The Convention staff is working around-the-clock to ensure the delegations housed in storm-impacted areas have alternative housing if needed. The Committee on Arrangements will provide additional information to delegates and alternate delegates who are affected by Isaac by Sunday morning. We will also provide guidance to those delegates and alternate delegates who may encounter travel difficulties due to the storm.

We will begin issuing revised convention programming as early as Sunday.

We have an experienced team that will ensure changes are operationally smooth and create as little disruption as possible. The most important concern is safety, but our Convention program will proceed.

And here’s a memo from Republican National Convention President and CEO Bill Harris:

“Our chief priority is the safety of the residents of Florida, of those visiting the Convention, and all those in Gulf Coast states who may be impacted by Tropical Storm Isaac. We have been working closely with the campaign, the party, and state and local officials for months to ensure a successful, enjoyable convention. Federal, state and local officials assure us that they are prepared to respond, if needed, and the scheduling changes we are announcing today will help ensure the continued safety of all participants – our foremost concern. We are also committed to keeping the delegates and guests of the convention well informed about the situation, and we will continue providing updates in the hours and days ahead.”

GOP moves Romney nomination up to Monday

Friday, August 24th, 2012 by Dara Kam

TAMPA – Mitt Romney will become the GOP’s official presidential nominee at the onset of the Republican National Convention on Monday, a break from tradition to keep the party faithful “on message,” according to Republican National Chairman Reince Priebus.

The decision about the early “roll call of states” wasn’t prompted by worries about Tropical Storm Isaac or to avert a disruption from Ron Paul backers, Priebus told reporters today. Rather, it’s about controlling the message.

“I just think it’s better for us to get all our business done in one shot … do everything on Monday, the nomination, all our rules and resolutions, get that done, so we can get on to telling the Mitt Romney story, how we’re going to help save our country,” he said.

The purpose of the early roll call was not to allow the convention to wind up before the scheduled end on Thursday if Isaac threatens the Tampa Bay region or to thwart Paul supporters from hijacking the nomination from the floor, he said.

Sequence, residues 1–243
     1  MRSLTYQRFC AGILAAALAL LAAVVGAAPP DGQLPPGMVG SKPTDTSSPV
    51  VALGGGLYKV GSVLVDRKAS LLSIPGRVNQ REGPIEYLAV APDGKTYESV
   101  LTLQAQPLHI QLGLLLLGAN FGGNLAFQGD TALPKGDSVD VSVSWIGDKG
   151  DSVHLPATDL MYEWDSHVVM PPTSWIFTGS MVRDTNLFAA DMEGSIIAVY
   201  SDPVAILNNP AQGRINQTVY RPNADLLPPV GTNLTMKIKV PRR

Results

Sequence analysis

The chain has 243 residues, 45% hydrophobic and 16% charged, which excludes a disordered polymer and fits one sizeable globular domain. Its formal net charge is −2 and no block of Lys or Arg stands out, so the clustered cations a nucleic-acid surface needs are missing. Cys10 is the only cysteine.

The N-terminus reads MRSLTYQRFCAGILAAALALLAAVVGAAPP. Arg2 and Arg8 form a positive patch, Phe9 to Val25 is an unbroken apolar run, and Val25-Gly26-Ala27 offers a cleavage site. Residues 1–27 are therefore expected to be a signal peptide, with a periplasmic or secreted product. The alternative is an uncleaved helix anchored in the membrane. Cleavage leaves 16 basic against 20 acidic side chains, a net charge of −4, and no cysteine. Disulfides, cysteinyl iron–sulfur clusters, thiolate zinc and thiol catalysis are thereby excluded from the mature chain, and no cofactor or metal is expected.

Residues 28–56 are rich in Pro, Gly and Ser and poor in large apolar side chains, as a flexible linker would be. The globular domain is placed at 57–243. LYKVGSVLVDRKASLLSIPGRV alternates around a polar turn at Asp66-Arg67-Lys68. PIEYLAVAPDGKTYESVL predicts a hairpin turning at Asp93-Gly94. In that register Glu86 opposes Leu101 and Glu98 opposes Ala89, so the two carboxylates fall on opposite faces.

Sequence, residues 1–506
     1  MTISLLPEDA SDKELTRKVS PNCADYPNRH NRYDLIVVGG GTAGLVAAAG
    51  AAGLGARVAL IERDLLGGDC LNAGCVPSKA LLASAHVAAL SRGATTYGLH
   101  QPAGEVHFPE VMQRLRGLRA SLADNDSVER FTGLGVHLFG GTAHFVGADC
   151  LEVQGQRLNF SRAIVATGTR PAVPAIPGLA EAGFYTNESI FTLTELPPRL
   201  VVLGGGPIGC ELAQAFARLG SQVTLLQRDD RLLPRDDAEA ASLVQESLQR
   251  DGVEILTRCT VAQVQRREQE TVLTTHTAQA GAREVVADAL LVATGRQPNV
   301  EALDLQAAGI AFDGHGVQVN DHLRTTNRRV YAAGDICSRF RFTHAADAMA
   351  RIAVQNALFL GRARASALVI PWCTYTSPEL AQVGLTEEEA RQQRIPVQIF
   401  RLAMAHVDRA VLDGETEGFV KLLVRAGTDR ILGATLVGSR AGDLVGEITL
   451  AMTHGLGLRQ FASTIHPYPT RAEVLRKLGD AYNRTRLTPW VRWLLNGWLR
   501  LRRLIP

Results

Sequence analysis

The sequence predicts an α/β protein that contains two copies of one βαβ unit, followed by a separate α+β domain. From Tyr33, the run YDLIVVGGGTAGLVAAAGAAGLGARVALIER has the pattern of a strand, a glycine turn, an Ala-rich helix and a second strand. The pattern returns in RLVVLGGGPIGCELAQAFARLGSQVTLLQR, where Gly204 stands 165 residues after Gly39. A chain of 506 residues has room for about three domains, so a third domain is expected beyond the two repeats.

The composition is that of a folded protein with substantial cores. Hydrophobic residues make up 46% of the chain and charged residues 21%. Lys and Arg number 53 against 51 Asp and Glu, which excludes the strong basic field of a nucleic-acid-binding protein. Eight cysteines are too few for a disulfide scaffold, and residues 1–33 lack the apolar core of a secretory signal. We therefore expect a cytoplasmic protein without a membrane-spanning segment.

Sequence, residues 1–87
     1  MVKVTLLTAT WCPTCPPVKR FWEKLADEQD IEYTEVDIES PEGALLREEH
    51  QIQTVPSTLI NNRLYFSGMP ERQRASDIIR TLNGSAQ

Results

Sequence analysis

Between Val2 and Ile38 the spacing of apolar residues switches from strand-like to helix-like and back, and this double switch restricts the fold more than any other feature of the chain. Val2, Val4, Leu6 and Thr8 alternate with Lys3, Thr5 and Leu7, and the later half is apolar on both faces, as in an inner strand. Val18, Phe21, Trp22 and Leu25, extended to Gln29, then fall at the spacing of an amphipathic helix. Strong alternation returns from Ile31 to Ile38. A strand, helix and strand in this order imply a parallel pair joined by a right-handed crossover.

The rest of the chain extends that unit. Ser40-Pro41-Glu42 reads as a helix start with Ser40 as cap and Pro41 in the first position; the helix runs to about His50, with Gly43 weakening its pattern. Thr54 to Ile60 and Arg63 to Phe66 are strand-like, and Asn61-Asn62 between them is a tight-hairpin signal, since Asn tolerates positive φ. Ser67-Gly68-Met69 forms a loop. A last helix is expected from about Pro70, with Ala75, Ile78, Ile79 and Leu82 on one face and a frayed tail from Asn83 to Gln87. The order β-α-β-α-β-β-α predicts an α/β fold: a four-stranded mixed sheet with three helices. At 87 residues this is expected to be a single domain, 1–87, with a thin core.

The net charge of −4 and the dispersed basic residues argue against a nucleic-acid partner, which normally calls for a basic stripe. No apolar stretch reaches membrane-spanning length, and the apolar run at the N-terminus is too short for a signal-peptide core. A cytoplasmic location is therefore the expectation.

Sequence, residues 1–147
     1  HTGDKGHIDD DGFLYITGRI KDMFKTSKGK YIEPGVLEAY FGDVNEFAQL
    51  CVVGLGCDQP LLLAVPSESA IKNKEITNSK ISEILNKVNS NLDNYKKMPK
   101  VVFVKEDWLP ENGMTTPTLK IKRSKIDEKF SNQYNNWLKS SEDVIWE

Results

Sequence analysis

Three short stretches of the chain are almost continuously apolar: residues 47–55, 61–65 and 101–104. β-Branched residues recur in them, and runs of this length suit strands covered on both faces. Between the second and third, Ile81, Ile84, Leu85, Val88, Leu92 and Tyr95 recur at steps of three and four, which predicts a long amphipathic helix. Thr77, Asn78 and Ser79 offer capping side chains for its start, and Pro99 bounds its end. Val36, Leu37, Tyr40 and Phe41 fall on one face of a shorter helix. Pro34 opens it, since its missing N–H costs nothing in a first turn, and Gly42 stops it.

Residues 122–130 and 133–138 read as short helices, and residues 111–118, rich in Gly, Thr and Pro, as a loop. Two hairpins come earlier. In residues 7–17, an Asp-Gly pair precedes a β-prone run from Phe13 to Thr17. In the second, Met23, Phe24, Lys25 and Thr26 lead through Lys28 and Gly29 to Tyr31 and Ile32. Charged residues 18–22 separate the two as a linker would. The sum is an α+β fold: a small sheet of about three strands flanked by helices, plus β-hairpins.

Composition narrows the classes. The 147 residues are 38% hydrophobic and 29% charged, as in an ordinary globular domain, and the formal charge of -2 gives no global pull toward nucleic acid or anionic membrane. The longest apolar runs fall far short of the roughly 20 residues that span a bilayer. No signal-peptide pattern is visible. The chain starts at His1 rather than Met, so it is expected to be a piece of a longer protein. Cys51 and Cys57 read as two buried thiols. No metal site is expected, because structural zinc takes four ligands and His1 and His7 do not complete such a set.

“Oh no… It’s to get all the business of the party out of the way and get on with the two things, prosecuting Barack Obama, the promises he made and what he delivered, and telling the Mitt Romney story.”

Priebus also said he’s not worried about Tropical Storm Isaac.

“I’m feeling a lot better today than I was yesterday,” he said. “Right now we don’t have to change anything. Obviously we worry if this thing turns into a hurricane and the safety of people if it hits shore, but as far as the convention is concerned we’re full steam ahead and we’re going to have a great week.”

- Tampa Tribune staff writer William March contributed to this post.

Bondi and Bush to be part of RNC’s Wednesday night lineup

Wednesday, August 22nd, 2012 by John Kennedy

Florida Attorney General Pam Bondi and former Gov. Jeb Bush have been named part of the Republican National Convention lineup for Wednesday’s third night of the event.

The economy — and soon-to-be Republican nominee Mitt Romney’s ability to fix it — will be a central theme of the night. The GOP mantra for Wednesday will be “We Can Change It,” said Republican National Committee Chairman Reince Priebus.

Priebus said the Wednesday night program “will show that the Romney approach is both optimistic and achievable.” 

Bondi and Georgia Attorney General Sam Olens are scheduled to share an early evening stage, shortly after 2008 presidential nominee John McCain addresses the gathering.  Bush will be on a little later, amid vice-presidential runners-up Rob Portman and Tim Pawlenty, who will speak before Romney running mate Paul Ryan takes the stage.


Scott gets evening speaking slot at convention

Monday, August 20th, 2012 by John Kennedy

Gov. Rick Scott is slated to be among the first speakers on the opening night of next week’s Republican National Convention in Tampa, the party announced Monday.

The convention schedule remains mostly a secret. But GOP Chairman Reince Priebus did unveil the lineup for next Monday’s kickoff, built around the theme “we can do better” and a focus on job creation.

Scott, the self-styled ‘get-to-work’ governor, is penciled-in to speak shortly after 7:45 p.m., coming on after House Speaker John Boehner. The early evening speakers include tea party favorites, Kentucky Sen. Rand Paul and Texas Senate contender Ted Cruz, leading up to Ann Romney, wife of soon-to-be nominee Mitt Romney.

“Americans know we can do better than joblessness, poverty and debt,” Priebus said. “This convention will present our vision for a brighter, better future and it will lay out an optimistic, achievable plan to make it happen.”

Scott should be ready for his almost prime time moment. He told reporters earlier this month he planned to stick to his political playbook.